DOI link for Methodology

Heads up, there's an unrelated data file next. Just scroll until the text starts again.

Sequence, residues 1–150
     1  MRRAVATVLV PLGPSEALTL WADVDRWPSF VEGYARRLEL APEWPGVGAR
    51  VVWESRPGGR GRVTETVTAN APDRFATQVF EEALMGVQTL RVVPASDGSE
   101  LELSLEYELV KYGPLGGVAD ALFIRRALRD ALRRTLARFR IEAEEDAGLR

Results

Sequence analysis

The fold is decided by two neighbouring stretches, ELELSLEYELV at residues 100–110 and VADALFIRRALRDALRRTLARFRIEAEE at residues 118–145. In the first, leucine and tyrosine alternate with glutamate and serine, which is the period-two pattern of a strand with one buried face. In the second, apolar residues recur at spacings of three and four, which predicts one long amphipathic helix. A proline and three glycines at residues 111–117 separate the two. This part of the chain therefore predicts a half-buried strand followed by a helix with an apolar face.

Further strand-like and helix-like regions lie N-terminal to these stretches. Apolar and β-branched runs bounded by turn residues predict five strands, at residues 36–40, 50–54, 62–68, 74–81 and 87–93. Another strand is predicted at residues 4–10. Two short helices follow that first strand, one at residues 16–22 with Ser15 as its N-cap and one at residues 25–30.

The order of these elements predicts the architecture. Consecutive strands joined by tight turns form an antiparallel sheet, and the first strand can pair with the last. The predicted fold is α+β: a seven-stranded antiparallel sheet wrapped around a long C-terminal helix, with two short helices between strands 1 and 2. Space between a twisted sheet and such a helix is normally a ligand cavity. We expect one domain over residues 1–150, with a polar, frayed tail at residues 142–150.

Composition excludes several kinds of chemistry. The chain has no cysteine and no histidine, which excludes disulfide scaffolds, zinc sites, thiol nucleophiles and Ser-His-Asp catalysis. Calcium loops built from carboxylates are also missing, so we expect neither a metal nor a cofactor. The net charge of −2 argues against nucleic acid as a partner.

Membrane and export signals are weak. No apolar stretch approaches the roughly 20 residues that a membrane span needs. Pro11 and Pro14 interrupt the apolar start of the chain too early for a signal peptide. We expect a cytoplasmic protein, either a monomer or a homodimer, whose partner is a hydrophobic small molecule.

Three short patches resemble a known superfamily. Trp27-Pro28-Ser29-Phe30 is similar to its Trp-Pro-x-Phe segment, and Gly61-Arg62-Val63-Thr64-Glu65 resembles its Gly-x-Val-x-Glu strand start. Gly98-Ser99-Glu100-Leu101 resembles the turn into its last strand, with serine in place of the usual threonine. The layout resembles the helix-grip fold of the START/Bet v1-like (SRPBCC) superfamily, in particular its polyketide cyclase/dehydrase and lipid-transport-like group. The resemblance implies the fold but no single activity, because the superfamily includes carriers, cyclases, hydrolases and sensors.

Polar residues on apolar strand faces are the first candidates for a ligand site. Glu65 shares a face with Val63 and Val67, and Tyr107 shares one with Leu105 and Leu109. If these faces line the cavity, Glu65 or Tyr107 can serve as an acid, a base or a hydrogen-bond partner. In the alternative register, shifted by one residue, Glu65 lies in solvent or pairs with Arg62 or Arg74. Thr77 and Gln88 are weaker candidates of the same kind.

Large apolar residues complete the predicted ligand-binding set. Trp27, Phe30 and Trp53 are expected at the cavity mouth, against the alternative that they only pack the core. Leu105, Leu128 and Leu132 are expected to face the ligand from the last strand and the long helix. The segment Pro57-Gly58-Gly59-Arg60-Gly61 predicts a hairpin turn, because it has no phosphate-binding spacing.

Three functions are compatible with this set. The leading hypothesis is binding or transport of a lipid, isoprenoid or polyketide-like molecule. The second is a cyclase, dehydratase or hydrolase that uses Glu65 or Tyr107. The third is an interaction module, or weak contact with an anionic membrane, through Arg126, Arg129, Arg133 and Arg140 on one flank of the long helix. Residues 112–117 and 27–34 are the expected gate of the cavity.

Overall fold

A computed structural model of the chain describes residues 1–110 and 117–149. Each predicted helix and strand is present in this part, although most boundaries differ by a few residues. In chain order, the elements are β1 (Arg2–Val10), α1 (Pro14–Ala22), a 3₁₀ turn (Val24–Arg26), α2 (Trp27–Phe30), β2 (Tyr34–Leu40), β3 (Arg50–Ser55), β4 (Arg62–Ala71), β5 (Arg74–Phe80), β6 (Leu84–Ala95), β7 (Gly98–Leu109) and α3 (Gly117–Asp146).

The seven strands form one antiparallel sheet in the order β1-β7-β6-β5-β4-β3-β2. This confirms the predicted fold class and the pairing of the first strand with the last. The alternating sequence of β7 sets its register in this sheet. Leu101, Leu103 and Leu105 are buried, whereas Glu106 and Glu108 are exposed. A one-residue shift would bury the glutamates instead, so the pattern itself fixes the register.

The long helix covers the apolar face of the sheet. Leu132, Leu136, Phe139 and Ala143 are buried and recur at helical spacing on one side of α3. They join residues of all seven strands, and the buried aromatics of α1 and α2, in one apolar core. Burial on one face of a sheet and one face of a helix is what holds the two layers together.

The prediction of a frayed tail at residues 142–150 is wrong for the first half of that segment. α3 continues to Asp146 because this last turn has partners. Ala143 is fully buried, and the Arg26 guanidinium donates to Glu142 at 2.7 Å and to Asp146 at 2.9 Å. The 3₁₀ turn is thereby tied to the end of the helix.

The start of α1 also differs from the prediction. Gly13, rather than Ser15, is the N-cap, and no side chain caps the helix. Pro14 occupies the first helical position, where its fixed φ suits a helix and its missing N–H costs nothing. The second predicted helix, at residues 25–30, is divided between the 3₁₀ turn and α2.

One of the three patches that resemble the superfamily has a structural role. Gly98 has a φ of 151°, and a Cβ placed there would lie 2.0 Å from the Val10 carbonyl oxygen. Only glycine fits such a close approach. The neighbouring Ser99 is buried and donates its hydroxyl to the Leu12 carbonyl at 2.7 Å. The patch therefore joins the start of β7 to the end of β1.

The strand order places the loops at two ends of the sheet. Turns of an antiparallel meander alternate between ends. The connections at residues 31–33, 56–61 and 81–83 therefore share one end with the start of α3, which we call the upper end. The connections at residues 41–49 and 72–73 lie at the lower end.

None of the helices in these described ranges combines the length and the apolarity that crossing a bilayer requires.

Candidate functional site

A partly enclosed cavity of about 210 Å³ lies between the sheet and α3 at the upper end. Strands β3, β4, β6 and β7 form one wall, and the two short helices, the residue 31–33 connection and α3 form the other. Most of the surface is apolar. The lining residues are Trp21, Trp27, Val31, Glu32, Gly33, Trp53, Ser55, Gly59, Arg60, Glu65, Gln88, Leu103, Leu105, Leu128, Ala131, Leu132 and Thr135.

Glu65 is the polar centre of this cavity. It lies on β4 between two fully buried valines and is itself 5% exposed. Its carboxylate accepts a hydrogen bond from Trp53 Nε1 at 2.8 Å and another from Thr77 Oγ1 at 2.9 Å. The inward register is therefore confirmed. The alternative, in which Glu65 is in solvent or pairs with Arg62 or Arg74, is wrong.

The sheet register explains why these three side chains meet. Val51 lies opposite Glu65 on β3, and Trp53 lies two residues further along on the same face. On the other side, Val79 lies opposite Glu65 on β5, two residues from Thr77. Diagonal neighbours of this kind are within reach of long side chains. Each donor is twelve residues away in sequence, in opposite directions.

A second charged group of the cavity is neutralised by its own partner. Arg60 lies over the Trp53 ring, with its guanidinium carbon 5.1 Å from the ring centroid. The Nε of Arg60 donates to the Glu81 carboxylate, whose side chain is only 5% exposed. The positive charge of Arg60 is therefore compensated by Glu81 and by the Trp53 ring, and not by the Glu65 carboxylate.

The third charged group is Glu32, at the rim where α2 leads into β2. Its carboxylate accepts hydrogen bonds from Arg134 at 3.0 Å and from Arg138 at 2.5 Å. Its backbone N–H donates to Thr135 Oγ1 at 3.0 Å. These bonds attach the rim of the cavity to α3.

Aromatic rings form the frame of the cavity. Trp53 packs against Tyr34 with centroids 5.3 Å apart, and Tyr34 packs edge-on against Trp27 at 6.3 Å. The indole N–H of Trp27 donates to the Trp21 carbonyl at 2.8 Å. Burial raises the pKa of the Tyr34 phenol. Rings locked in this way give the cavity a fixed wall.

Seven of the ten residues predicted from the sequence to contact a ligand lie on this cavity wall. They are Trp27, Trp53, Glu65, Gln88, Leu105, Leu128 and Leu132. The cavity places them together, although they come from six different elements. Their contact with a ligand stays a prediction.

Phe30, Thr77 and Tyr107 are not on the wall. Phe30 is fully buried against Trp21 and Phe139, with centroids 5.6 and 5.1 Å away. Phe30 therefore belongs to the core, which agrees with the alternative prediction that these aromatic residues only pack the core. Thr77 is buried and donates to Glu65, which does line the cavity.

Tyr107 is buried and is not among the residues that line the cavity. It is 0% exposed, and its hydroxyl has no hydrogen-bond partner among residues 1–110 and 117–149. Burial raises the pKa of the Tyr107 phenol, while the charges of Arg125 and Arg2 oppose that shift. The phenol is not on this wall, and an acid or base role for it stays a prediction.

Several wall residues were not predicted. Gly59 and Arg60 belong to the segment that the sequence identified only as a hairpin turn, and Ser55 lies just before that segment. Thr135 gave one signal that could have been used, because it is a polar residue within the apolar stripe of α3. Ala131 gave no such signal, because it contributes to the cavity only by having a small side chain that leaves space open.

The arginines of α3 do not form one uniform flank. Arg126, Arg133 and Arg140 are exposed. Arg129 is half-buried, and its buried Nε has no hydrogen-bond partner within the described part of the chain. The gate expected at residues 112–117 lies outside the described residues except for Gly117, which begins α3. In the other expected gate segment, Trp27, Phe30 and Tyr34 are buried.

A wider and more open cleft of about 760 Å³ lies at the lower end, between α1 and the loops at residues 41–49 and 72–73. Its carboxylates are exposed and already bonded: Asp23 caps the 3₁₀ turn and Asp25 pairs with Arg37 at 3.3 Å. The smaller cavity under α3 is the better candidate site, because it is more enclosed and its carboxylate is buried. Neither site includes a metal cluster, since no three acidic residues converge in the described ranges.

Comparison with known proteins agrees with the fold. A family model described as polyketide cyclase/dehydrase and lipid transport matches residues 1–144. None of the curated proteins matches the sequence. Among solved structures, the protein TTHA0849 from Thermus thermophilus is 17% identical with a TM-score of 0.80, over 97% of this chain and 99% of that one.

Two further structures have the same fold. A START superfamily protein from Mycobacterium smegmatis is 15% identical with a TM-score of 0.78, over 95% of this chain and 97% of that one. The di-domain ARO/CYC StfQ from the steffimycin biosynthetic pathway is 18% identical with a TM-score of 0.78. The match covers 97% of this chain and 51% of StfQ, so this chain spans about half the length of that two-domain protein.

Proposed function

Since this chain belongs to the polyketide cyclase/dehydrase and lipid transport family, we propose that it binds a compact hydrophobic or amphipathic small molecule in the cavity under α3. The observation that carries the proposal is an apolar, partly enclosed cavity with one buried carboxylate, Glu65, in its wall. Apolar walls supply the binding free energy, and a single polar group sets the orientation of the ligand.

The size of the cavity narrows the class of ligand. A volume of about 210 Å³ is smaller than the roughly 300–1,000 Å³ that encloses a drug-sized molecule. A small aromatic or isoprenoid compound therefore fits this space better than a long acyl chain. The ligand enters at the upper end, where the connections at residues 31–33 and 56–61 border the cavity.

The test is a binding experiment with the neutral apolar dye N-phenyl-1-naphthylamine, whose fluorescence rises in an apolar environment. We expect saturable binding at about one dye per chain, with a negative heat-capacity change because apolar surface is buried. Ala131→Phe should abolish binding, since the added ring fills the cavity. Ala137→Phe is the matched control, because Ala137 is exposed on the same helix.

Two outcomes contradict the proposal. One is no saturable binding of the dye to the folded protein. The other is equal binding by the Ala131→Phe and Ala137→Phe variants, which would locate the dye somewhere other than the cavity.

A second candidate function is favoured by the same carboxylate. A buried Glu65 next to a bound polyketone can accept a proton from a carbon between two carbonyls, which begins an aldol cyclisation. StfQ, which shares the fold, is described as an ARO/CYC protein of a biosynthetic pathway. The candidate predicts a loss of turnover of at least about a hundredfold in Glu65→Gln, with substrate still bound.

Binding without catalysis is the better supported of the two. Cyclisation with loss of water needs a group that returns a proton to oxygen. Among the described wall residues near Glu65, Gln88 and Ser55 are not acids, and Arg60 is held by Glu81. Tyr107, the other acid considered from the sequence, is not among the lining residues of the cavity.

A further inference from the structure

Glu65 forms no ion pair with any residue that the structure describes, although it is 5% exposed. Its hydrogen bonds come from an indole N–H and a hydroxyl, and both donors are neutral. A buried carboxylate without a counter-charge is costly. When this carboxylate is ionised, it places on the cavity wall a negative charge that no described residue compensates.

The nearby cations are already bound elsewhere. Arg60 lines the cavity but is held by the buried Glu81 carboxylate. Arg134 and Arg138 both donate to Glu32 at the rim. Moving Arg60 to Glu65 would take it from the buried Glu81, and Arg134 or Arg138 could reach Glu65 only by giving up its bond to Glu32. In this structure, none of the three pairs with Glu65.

Research indicates that the adverse academic eff ects of authoritarian parenting found in Western countries may not be universal. Chao (1994; Bornstein and Lansford, Chapter 14, this volume; Steinberg, Lamborn, Dornbusch, and Darling, 1992) administered questionnaires of parental control and authoritative-authoritarian parenting style and Chinese child-rearing items involving the concept of “training” (hard work, self-discipline, and obedience) to Chinese American and European American mothers of preschool-aged children. e Chinese American mothers were found to score signifi cantly higher on authoritarian parenting style and training ideologies. In a second study by the same author, parenting styles and school performance of European American adolescents and fi rst-and second-generation Chinese Americans were compared. A positive association between authoritative parenting and school performance was found for the European Americans and, to a lesser extent, for second-generation Chinese Americans, but not for fi rst-generation Chinese Americans (Chao, 2001). Baumrind’s (1967) distinction among authoritarian, authoritative, and permissive parenting may need conceptual elaboration if it is to be used in non-Western contexts.